Revealing info to a boss about another co-worker

Hi!

I have a question about the objective morality about a certain action… suppose a co-worker decides not to show up for work for example and my boss asks me whether or not this person has shown up for work… to reveal to my boss that he hasn`t been showing up for work while it is true would it be a sin of detraction?

Thanks,
Zac

You can’t lie. If you know they haven’t shown up you need to tell the truth.

(a) It’s true. (b) Your boss has a legitimate need to know this information.
= not the sin of detraction.

Why not just state that you have not seen him/her today without adding the fact that the person has done this before. Why add fuel to the fire?

If it were just some random fellow employee asking, I’d agree. But this is the boss, who has a legitimate reason to ask, and to get an accurate answer.

Because that would imply he IS there, you just have not seen him, and that would be a lie if you know for a fact he is not present.

Offhand, it seems you should tell the boss. I also think it would not be a sin of detraction.
Several things could weigh against this. Your boss may tell the person late to you that you informed on him. Or he could learn another way. Then very well he could become your enemy and you would have trouble working with him from then on–or he could even try to get you in trouble with the boss. If such a possible result seems possible, it might seem better to give a noncommittal answer.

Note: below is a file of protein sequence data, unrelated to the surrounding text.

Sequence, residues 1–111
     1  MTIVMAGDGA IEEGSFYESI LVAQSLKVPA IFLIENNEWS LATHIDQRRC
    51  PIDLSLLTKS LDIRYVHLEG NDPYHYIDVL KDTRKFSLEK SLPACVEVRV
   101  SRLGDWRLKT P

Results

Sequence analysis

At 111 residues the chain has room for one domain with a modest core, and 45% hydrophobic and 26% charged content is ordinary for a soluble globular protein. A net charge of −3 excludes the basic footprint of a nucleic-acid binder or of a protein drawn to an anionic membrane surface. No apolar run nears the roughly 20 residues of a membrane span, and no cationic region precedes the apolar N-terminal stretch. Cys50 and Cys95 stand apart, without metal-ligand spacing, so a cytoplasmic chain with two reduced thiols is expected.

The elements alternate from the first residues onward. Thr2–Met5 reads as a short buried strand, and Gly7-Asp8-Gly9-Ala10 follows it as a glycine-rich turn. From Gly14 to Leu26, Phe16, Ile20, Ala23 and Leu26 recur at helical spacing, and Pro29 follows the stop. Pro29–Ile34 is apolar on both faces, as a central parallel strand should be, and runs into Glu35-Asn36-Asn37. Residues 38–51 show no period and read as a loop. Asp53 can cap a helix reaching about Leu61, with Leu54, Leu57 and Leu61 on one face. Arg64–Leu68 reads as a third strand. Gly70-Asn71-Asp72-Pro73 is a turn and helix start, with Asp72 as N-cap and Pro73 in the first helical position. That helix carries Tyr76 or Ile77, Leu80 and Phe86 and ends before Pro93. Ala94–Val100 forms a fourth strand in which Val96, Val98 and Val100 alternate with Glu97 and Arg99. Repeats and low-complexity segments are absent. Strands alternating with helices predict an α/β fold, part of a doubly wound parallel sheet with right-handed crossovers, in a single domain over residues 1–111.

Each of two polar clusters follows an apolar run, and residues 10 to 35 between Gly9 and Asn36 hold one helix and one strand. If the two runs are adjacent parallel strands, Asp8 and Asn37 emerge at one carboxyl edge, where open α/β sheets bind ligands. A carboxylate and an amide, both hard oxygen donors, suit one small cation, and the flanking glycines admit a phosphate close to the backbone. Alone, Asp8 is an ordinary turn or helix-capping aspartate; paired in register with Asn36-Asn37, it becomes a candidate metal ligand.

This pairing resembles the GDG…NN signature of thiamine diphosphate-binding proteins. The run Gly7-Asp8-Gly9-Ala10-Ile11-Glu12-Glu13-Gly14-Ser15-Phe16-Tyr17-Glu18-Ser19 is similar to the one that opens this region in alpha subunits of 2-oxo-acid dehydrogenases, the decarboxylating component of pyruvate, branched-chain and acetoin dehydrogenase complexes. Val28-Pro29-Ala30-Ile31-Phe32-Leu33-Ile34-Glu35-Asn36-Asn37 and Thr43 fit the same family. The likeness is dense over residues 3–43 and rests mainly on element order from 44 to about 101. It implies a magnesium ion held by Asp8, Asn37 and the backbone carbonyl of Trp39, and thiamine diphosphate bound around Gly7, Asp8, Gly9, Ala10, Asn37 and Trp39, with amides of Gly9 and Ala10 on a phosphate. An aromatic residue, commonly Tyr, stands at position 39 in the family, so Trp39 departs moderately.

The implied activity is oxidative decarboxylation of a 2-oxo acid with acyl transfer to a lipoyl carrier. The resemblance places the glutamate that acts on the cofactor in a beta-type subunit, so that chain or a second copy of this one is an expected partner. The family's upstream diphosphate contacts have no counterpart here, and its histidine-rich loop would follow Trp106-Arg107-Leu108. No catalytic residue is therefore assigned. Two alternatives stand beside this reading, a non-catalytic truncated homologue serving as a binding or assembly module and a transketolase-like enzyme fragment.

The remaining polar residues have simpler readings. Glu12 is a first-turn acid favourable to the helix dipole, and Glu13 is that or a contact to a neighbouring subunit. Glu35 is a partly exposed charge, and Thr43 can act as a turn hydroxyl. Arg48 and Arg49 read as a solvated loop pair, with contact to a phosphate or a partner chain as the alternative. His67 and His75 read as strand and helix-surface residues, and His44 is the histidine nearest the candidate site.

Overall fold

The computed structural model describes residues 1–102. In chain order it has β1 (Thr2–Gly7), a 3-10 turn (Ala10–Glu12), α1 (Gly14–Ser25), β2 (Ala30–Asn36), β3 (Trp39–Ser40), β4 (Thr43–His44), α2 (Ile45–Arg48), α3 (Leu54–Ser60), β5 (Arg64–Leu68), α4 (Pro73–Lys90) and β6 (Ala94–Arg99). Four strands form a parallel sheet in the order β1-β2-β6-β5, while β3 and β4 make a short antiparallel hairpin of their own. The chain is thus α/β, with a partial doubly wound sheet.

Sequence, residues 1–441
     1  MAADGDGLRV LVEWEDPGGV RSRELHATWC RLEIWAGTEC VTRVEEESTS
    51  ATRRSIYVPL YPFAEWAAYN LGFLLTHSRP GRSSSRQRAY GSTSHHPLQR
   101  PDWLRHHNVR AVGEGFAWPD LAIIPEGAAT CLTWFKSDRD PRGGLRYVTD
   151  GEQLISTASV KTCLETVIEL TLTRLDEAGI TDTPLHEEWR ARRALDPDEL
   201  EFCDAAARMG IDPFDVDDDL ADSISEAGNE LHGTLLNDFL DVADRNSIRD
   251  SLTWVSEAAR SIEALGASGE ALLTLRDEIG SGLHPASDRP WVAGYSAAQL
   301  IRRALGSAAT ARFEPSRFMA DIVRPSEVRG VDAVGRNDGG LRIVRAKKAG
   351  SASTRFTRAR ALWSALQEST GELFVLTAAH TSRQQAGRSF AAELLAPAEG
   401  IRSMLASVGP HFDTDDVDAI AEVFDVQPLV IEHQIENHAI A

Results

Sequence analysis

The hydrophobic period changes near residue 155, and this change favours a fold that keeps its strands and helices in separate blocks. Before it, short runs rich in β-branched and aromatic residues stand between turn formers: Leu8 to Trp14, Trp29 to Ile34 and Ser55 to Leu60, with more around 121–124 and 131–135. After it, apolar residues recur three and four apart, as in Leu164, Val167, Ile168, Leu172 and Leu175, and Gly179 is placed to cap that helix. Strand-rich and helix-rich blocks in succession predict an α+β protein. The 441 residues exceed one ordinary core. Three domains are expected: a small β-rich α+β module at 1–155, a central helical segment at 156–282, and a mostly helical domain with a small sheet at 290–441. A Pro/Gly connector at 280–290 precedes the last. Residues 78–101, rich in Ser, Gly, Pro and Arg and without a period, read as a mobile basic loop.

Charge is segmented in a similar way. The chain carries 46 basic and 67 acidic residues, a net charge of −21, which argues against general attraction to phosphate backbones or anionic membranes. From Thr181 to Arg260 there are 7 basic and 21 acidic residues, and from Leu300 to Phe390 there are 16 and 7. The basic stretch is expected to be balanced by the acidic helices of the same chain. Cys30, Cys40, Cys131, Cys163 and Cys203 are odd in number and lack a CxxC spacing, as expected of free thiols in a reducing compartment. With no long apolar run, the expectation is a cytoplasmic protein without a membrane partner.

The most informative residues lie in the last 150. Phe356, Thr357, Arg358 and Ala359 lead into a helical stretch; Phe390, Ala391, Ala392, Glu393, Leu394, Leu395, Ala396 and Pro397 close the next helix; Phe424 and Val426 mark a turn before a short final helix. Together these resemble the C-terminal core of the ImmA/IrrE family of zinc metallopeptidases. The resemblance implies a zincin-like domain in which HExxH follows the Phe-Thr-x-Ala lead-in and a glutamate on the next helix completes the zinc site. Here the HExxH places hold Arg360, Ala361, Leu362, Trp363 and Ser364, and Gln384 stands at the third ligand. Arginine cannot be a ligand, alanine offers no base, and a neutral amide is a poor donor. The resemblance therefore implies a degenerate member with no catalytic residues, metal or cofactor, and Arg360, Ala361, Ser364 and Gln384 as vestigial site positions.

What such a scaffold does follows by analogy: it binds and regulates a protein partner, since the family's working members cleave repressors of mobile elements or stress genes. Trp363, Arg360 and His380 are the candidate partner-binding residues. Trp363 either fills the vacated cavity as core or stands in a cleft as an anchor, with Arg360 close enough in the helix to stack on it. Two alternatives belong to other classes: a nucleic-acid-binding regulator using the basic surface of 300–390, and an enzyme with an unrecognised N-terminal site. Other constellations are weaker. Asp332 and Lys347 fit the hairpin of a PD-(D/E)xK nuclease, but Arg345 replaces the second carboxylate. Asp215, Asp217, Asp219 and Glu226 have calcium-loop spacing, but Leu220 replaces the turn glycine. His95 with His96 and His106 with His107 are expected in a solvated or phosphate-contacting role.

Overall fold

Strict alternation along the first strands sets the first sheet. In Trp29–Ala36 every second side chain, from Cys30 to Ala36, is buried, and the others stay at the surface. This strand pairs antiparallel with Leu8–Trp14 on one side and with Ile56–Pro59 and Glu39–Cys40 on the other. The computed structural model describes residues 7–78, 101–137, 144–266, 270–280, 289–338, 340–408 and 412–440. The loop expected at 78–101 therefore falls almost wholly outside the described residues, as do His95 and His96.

There is also something that strikes me as being undesirable about informing against a colleague. Something similar could happen if a parent insisted his children informed on each other. This could do damage to family life–or the operations against your place of work, to your own detriment.
However, I understand why some would think it necessary to tell your boss about the infraction of your fellow worked. But I don’t think you should do it without taking account of the possible consequences.

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